If it becomes no longer probable that specific PP & E [property, plant, and equipment] will be acquired or constructed, previously capitalized pre-acquisition stage costs related to the specific PP & E should be reduced to the lower of cost or fair value. A rebuttable presumption exists that the fair value of the asset consisting of those pre-acquisition stage costs (excluding option costs) is zero (that is, the costs of the asset would be charged to expense), unless management, having the authority to approve the action, has committed to a plan to either (a) sell the asset and the proceeds can be reasonably estimated or (b) redeploy the asset in other specific PP & E of the entity and the redeployed asset meets the criteria for capitalization under the project stage framework in this SOP. If an entity subsequently acquires or constructs PP & E previously considered no longer probable to acquire or construct, pre-acquisition stage costs charged to expense under this paragraph should not be reversed.
AcSEC establishes a rebuttable presumption that the fair value of any capitalized pre-acquisition costs is zero once a project is abandoned, because the majority of the costs incurred in this stage would be “ soft ” costs that would generate only limited value for other projects.
Capitalization of Internal Pre-acquisition Costs
Activities in the pre-acquisition stage may be carried out by a company ’ s in – house departments, which raises the question of (1) whether and (2) to what extent such internal pre-acquisition costs should be capitalized.
Emerging Issues Task Force (EITF) Issue No. 97 – 11, Accounting for Costs Relating to Real Estate Property Acquisitions, provides that internal pre-acquisition costs 10 are only capitalizable if the property is expected to be non-operating at the date of acquisition. They are not capitalizable if the property is expected to be operating at the date of acquisition, such as internal pre-acquisition costs relating to the purchase of an existing shopping mall.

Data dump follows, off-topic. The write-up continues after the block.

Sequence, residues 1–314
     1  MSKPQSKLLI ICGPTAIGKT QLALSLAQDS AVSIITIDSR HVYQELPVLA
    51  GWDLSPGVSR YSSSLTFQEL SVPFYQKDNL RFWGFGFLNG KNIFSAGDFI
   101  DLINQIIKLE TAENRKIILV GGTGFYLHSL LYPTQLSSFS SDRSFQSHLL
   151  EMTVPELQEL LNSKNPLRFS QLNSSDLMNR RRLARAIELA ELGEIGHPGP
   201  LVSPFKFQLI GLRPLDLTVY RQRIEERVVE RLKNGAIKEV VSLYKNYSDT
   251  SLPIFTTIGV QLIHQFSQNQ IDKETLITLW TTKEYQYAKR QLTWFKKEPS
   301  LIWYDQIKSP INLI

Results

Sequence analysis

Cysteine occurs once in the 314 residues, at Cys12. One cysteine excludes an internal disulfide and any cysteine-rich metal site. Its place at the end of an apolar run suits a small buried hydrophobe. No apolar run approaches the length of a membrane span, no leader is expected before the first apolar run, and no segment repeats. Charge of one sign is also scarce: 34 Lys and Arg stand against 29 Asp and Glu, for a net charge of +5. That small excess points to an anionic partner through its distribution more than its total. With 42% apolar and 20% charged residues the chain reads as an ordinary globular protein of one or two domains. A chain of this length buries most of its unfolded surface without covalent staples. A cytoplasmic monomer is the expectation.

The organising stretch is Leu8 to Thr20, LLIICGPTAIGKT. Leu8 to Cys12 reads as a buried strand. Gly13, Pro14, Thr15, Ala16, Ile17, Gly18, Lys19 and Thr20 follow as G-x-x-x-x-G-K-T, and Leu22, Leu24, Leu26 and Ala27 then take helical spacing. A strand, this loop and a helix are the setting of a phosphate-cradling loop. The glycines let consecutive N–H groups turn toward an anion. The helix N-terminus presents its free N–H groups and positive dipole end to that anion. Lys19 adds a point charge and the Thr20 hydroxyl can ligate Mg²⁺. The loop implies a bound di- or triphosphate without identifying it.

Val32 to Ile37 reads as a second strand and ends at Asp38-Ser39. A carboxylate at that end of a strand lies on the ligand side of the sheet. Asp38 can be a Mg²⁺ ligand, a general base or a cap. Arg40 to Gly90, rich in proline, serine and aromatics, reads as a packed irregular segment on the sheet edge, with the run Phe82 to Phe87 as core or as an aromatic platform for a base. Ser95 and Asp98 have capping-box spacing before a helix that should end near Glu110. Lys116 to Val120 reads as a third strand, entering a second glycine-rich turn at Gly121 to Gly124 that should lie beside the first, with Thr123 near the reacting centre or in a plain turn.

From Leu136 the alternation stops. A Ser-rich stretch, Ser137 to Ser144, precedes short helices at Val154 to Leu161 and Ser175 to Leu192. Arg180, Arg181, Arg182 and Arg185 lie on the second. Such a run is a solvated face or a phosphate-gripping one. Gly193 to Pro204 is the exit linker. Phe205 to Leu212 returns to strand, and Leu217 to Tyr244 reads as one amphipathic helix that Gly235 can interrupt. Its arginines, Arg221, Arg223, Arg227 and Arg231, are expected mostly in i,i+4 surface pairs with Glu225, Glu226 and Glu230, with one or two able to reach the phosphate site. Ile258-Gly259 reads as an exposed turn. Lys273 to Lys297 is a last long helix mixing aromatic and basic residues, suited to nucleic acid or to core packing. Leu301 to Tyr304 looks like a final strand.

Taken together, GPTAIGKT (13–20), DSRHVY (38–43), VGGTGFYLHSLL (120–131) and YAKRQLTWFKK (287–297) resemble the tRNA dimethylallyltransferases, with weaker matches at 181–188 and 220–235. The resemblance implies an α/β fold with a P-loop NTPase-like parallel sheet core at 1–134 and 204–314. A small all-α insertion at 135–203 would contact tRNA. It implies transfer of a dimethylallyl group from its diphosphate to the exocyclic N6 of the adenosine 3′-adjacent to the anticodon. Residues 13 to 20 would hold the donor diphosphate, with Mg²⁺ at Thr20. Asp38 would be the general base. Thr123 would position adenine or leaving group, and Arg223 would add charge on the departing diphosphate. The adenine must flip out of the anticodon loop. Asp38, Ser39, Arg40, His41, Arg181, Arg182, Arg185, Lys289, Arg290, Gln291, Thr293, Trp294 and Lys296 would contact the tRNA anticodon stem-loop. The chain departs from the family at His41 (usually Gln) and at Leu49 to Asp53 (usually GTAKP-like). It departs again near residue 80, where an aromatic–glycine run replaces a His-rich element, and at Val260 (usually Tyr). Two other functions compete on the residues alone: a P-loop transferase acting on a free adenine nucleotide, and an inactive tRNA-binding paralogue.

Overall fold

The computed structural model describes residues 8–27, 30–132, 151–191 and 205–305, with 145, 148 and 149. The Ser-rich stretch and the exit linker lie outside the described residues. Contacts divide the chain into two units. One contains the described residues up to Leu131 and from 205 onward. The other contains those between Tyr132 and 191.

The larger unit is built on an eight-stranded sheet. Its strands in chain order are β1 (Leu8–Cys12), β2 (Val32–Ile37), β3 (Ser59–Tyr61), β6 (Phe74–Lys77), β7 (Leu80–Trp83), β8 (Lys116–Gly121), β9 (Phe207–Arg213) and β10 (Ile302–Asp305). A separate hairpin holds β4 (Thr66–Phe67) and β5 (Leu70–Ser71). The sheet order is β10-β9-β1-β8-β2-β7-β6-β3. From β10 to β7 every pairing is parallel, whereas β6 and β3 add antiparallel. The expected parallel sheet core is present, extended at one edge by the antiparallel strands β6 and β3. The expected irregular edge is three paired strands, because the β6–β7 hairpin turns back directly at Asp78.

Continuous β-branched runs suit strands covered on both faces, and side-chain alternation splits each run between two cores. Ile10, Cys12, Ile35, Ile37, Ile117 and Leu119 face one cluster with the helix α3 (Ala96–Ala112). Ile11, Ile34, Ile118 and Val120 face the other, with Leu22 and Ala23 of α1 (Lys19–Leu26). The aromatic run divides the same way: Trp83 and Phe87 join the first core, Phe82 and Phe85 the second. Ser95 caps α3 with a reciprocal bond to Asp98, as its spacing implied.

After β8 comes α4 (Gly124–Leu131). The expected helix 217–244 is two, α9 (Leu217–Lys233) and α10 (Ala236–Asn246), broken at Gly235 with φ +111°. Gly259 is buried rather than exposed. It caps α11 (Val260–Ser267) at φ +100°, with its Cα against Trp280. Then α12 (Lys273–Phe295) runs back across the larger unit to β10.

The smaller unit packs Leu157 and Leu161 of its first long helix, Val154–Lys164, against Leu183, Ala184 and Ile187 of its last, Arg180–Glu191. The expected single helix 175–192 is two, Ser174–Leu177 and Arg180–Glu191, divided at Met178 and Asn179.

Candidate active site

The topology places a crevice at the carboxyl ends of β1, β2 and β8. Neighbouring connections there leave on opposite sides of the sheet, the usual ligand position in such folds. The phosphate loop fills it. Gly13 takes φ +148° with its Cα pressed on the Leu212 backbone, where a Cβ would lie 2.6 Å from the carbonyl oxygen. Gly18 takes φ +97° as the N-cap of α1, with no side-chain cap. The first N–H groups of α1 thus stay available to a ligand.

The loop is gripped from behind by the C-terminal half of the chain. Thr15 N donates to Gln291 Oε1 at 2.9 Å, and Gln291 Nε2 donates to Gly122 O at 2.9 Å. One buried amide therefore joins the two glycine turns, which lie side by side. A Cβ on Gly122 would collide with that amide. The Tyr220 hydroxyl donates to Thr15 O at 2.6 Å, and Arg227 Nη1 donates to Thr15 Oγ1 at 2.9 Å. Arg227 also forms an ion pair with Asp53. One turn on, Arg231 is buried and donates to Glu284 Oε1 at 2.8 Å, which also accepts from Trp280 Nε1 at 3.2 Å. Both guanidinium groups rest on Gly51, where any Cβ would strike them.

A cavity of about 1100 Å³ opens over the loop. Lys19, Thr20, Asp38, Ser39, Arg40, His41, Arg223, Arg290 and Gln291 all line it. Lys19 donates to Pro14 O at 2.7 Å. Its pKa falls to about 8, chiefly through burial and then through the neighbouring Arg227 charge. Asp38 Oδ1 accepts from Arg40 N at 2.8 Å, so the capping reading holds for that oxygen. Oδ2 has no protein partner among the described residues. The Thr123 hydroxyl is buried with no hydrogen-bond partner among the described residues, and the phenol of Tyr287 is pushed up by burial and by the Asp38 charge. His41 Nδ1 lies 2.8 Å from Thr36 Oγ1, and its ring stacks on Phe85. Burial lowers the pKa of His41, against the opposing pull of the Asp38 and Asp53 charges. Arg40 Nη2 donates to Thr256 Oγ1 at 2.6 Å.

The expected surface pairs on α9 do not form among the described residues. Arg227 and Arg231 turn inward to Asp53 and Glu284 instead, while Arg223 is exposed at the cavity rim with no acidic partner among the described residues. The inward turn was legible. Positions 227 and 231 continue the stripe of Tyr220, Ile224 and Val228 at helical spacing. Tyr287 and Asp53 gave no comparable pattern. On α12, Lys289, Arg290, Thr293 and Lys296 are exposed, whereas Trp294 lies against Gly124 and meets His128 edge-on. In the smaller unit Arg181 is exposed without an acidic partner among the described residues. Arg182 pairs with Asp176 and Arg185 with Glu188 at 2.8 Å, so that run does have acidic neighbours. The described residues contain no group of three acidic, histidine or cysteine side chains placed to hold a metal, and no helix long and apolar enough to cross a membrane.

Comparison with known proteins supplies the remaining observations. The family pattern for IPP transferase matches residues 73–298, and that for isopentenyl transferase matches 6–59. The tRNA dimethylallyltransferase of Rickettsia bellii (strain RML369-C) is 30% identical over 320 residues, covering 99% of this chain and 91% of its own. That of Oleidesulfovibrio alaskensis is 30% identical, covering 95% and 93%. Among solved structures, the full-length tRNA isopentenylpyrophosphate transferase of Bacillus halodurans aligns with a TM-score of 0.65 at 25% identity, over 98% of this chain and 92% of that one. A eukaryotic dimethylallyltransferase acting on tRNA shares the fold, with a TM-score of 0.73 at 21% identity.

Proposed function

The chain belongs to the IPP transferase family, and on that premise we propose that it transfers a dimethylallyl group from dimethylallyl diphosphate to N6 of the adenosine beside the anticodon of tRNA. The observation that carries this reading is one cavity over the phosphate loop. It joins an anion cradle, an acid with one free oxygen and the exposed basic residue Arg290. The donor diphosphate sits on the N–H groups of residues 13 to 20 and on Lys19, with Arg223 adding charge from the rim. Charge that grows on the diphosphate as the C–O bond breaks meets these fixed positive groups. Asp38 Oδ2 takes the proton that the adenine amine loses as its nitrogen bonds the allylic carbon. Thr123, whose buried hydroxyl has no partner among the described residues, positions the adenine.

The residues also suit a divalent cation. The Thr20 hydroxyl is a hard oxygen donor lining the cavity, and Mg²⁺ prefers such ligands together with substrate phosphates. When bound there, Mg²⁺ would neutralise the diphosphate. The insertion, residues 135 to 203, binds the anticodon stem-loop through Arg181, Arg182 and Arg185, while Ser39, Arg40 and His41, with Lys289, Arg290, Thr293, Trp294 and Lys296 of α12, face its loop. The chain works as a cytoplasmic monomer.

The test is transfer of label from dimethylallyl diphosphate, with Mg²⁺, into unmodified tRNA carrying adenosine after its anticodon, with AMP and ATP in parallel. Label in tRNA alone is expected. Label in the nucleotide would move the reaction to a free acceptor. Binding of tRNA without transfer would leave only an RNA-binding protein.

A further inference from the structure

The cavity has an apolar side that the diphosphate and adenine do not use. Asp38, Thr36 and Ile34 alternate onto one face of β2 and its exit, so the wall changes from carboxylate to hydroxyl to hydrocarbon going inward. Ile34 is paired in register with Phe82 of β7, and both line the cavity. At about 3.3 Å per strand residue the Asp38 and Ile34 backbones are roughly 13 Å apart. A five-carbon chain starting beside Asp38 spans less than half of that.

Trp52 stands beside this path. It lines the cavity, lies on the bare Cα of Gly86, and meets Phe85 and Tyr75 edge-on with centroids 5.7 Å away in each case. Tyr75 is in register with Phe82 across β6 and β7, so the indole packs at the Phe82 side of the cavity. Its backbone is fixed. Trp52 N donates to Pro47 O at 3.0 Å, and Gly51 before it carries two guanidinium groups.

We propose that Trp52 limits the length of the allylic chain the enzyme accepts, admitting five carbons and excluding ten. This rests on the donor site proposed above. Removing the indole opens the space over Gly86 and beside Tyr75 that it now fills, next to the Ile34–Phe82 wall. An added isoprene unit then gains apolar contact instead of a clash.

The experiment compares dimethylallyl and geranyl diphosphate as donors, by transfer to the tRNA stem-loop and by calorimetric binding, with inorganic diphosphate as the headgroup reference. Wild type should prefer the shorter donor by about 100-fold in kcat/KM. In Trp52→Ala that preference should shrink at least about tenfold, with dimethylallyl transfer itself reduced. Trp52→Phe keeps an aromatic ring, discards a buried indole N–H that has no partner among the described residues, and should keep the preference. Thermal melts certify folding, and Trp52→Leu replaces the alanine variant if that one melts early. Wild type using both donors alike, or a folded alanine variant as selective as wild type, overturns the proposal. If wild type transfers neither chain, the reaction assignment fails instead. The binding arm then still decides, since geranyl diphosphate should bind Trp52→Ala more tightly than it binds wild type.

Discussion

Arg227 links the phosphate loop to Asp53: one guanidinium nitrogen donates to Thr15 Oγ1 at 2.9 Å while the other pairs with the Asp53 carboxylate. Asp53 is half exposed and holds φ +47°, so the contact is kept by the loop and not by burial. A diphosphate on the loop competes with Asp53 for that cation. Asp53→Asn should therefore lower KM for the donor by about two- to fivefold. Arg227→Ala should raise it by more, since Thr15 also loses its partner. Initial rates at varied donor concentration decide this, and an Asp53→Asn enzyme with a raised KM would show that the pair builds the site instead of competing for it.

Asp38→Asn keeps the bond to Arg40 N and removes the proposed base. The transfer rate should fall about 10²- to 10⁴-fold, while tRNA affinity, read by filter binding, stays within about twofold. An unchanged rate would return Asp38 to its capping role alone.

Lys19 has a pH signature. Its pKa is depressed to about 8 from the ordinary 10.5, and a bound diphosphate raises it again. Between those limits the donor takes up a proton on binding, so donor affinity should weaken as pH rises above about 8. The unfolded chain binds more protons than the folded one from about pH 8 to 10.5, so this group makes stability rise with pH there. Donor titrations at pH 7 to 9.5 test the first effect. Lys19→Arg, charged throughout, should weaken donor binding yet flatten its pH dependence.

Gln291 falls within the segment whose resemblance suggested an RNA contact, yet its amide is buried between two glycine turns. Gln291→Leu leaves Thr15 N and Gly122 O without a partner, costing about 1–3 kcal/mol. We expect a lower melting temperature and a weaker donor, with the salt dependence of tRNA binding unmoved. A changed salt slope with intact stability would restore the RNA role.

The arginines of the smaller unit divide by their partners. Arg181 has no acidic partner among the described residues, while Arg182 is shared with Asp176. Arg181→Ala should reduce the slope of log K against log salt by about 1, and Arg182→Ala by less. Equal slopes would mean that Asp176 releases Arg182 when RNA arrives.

A prerequisite for the capitalization of internal pre-acquisition costs is that they be directly identifiable with the specific property. While “directly identifiable” is not further defined in Statement 67, the term has been interpreted narrowly in practice.
One may look to the proposed SOP, Accounting for Certain Costs and Activities Related to Property, Plant, and Equipment, for implementation guidance:
. . . directly identifiable costs include only:
- Incremental direct costs of PP & E pre-acquisition activities incurred for the specific PP & E.
- Certain costs directly related to pre-acquisition activities performed by the entity (or by parties not independent of the entity) for the specific PP & E. Those costs include only payroll and payroll benefit – related costs (for example, costs of health insurance) of employees who devote time to a PP & E pre-acquisition stage activity, to the extent of time the employees spent directly on that activity and in proportion to the total hours employed.
Further, that proposed SOP states that costs of facilities, such as rent and depreciation, as well as general and administrative costs, should be expensed as incurred, as should all costs of executive management, corporate accounting, acquisitions, office management and administration, marketing, human resources, and similar costs or functions. 15
While that proposed SOP has never been issued in final form, the guidance provided by that proposed SOP nevertheless proves helpful when interpreting the provisions in Statement.
Payments to obtain an option . . . to acquire PP & E. Notwithstanding the foregoing, an option to acquire property, plant, and equipment that meets the definition of a derivative instrument within the scope of FASB Statement No. 133, Accounting for Derivative Instruments and Hedging Activities, is accounted for following the guidance in Statement 133.